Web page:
Too often, I get emails in the evening and on weekends when I’m relaxing, working on a project or even doing school work but in a focused way. Now, if it’s a student question, well, I’m okay with that (to be honest, almost all student questions are now Teams Chat — kids don’t use email!) but colleagues and administration should have better knowledge of boundaries. Fortunately, Outlook now prompts your awareness.
When you go to type a message, Outlook now queries your recipients’ work hours (How do I set my own work hours?) and pops up above the message that you may be interrupting their down time.
When you click the DELAY SEND link in the pop-up, a pane opens to the left to let you determine when the message gets delivered:
And now the text above the message indicates when the message will be delivered.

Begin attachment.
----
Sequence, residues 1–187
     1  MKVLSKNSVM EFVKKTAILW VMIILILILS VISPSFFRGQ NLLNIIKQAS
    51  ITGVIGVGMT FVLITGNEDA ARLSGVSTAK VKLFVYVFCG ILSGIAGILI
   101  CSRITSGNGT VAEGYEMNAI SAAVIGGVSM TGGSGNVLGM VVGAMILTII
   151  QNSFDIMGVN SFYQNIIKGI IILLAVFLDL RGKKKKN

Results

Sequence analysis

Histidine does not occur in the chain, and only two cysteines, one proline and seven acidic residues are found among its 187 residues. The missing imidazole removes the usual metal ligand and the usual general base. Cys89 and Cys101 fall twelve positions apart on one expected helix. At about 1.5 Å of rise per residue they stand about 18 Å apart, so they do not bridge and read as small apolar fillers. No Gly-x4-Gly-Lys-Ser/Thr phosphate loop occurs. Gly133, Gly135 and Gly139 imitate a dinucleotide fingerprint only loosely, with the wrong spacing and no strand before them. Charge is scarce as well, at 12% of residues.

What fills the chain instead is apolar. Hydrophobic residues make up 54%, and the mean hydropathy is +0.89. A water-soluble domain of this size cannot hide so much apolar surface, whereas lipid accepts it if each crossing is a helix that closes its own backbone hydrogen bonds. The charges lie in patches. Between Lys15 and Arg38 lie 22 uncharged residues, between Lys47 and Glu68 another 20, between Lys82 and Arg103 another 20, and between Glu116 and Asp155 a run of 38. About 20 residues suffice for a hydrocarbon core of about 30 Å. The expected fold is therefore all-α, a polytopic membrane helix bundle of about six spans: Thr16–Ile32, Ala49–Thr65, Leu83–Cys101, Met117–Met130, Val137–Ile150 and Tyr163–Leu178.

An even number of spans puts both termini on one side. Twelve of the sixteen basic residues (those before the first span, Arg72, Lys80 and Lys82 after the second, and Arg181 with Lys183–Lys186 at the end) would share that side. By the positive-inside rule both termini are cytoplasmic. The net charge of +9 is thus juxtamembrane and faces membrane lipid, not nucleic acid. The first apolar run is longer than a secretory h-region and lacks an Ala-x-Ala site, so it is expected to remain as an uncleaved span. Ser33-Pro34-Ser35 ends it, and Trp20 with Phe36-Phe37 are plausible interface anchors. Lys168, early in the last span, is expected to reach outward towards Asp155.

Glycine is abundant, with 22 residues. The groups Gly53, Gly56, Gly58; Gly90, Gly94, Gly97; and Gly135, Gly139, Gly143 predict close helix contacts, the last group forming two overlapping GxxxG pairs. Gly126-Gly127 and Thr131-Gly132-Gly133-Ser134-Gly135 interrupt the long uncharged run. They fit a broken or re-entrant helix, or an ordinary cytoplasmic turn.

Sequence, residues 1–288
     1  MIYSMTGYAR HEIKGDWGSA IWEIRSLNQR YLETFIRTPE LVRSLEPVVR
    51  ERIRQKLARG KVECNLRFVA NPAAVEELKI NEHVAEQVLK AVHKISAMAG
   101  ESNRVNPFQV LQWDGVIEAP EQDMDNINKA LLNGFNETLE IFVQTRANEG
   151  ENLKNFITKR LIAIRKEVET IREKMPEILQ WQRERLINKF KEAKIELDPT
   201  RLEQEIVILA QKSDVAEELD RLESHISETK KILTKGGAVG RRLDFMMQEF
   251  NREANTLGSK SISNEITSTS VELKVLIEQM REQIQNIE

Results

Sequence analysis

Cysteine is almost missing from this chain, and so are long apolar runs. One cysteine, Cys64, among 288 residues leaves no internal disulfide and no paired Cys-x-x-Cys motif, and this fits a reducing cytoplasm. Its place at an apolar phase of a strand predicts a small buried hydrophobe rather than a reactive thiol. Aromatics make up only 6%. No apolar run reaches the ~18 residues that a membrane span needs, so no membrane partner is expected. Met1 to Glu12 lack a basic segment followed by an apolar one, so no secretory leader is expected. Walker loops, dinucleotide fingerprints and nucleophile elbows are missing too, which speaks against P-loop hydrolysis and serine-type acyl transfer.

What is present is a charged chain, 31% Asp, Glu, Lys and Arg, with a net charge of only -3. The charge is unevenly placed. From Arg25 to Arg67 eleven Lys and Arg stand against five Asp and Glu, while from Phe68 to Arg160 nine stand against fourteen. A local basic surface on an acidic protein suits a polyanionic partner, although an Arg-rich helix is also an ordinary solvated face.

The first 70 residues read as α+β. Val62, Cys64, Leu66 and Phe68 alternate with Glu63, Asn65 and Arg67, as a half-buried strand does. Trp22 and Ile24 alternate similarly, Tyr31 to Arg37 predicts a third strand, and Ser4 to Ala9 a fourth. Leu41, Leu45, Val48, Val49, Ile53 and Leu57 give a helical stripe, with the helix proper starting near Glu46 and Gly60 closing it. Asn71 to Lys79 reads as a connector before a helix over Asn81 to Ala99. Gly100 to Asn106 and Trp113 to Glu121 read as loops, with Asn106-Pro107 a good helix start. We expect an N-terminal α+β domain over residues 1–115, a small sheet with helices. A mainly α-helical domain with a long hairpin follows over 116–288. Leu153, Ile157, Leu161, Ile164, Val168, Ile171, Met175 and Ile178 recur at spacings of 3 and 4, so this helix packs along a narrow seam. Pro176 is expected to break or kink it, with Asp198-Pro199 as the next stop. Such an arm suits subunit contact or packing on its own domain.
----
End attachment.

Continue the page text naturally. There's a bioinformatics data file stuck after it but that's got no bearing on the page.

Folks should be cognizant of when they send emails (and Teams Chat for that matter) but it’s nice to see Outlook helping to remind them of being respectful of their readers. For sure, you used to be able to do this manually (and still can) but it’s automatically prompted now and far easier to get to when it’s in your face.
Now this is on Outlook Current Channel as of this week — too often, though, IT departments delay roll out of changes to Office programs, so you may have to talk to them to make sure you’re on the right channel (your updates can be delayed by up to a year by IT!)
How do I set my own work hours?
Open Outlook and go to the FILE menu and choose OPTIONS down at the bottom. Then, click on CALENDAR on the list on the left.
You can set the hours on a weekly basis. I’m a little disappointed there isn’t more granularity given our present circumstances — or even a smarter version that looks at your Outlook to gauge your work hours on a refreshed-daily basis, but this is a good start.